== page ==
Rocky Mountain Elk
Cervus canadensis var. nelsonii
By: William E. Schlosser, Ph.D.
Date: February 7, 2021
Speciation of Elk (Cervus canadensis) has been through many paths to reveal genetic variations within this genome. We see elk around the northern hemisphere, but the genetic differences between sub populations is significant. It is so significant that cross breeding between groups does not produce viable offspring.
That is to say, the offspring cannot themselves mate to produce viable offspring. When this is marked, we know a speciation event has occurred!
Rocky Mountain Elk pictured on the south aspect of Kamiak Butte
The geologic conditions confirming the current Ice Age we are still exiting from was seen only about 21,000 years ago: the current ice age was at its chilling crescendo. Surface waters were mostly frozen, locked in terrestrial glaciers and sea-ice. This meant there was less water resting in the oceans, sea level stood 120 meters, 400 feet lower than it does today. That means the Bering Straights were open fields and boreal forests, connecting these two continents.
This territory was an easily traversed path between these two continents. Species of all types were connected along this connection linking current day Alaska with the Russian Far East. The connective tissue now under the North Sea, was about the size of today’s country of Mexico. At that time, 21,000 years ago, the world was in the apex of the ice age and the elk species were connected as a series of populations along this continental connection zone. Genetic materials were still shared between populations.
Allopatric speciation is based on the extent to which associated populations are isolated from one another: the 400-foot-deep Beringia ocean is a significant barrier for elk to pass. The Allopatric speciation event separated C.c. canadensis into separate populations. In North America the species continued to evolve, with each sub-population experiencing random mutations which revealed through adaptive responses. Random selection favored genetic traits which were strengthened within each restrictive environment. Across North America, many variations of restrictive environments are found.
Kamiak Butte, Washington, is home to North American Elk (C.c.nelsonii) populations. This variant of elk is similar, but not genetically identical to Roosevelt elk (C.c.roosevelti) which are found about 300 miles to the west in the temperature rainforests of Washington’s Olympic Peninsula.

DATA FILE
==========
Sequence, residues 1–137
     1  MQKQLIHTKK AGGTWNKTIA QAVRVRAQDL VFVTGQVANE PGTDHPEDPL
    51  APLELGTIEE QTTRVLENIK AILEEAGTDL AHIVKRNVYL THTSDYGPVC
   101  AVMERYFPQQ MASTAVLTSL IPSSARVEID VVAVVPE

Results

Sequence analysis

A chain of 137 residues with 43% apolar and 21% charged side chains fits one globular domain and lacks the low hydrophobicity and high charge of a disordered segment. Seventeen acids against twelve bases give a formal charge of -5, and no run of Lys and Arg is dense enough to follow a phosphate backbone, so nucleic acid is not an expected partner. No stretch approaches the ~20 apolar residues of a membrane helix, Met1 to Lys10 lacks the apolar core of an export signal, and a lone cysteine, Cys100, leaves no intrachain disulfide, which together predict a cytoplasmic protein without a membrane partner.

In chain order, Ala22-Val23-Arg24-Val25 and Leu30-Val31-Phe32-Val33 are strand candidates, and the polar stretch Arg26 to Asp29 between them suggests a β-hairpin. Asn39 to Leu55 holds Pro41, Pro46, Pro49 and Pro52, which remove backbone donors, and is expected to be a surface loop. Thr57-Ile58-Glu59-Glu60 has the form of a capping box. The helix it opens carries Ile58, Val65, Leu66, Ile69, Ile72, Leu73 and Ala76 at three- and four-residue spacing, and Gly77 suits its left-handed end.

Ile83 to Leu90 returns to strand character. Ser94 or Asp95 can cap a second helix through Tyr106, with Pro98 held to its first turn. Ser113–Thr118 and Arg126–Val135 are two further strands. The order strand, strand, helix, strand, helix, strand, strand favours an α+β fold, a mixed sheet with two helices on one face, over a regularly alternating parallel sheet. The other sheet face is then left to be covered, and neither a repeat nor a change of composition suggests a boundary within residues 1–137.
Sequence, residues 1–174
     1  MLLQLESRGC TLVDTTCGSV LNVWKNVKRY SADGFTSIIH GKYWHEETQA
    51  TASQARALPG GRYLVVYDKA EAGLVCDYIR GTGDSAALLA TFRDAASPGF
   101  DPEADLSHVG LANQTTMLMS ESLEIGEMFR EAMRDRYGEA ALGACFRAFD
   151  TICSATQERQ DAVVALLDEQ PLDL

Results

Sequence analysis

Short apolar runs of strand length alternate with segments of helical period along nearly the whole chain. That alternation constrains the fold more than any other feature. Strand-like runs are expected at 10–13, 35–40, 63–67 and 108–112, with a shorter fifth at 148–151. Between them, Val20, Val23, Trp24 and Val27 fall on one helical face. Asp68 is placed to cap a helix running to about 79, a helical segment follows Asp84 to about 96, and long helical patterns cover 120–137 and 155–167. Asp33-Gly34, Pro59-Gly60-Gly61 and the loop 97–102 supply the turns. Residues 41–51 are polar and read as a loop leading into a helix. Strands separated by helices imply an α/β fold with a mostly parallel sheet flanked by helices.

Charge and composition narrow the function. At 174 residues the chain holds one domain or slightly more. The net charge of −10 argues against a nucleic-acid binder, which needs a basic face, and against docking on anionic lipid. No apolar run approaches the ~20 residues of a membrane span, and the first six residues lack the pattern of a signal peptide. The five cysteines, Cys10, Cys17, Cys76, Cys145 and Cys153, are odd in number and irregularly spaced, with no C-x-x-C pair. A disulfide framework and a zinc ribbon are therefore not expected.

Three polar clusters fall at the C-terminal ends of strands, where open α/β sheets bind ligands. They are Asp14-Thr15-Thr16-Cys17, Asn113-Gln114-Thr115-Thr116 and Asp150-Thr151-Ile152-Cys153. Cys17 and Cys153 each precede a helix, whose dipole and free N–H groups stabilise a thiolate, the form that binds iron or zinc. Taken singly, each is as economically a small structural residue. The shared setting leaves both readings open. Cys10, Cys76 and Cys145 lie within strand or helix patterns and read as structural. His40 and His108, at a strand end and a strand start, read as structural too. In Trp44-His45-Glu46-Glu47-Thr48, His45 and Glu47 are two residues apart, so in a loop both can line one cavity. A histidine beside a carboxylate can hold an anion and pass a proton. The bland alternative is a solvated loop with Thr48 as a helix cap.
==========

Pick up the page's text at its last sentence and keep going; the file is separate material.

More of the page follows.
Parapatric Speciation of Elk
Subpopulations of a species evolving in reproductive isolation from one another, while continuing to exchange genes. This mode of speciation has three distinguishing characteristics:
- Mating occurs non-randomly
- Gene flow occurs unequally
- Populations exist in either continuous or discontinuous geographic ranges.
This distribution pattern may be the result of unequal dispersal, incomplete geographical barriers, or divergent expressions of behavior, among other things. Parapatric speciation predicts that hybrid zones will often exist at the junction between the two new populations.
Due to the continuous nature of a parapatric population distribution, population niches will often overlap, producing a continuum in the species’ ecological role across an environmental gradient. Reduced gene flow of parapatric speciation often produces a cline in which a variation in evolutionary pressures causes a change to occur in allele frequencies within the gene pool of each differentiating population. This is enabled through environmental gradients that ultimately results in genetically distinct sister species. This is parapatric speciation.
Rocky Mountain elk (C.c.nelsonii) in Yellowstone National Park live in the temperate coniferous and hardwood forests and rangelands. Big antlers are not a liability to be hung up in the understory brush or in low hanging tree branches. But they sure serve a purpose when being attacked by a pack of wolves!
Rocky Mountain elk (C.c.nelsonii) and Roosevelt elk (C.c.nelsonii) are two genetically unique varieties of elk and are in the first and second stage of speciation. They have demonstrated ample evidence of speciation adaptations to different environmental restrictions. (Cervus canadensis Var. roosevelti) are genetically different from (Cervus canadensis var. nelsoni).